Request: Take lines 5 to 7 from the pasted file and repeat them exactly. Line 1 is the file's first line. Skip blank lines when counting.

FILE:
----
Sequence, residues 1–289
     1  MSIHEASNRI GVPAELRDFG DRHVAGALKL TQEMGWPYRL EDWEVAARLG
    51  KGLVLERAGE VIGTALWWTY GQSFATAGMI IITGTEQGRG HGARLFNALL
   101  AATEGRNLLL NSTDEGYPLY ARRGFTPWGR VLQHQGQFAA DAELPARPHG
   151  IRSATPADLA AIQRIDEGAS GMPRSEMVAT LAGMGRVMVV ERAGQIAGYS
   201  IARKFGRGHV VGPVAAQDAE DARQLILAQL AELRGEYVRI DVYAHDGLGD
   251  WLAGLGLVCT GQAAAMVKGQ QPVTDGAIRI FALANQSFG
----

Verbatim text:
   151  IRSATPADLA AIQRIDEGAS GMPRSEMVAT LAGMGRVMVV ERAGQIAGYS
   201  IARKFGRGHV VGPVAAQDAE DARQLILAQL AELRGEYVRI DVYAHDGLGD
   251  WLAGLGLVCT GQAAAMVKGQ QPVTDGAIRI FALANQSFG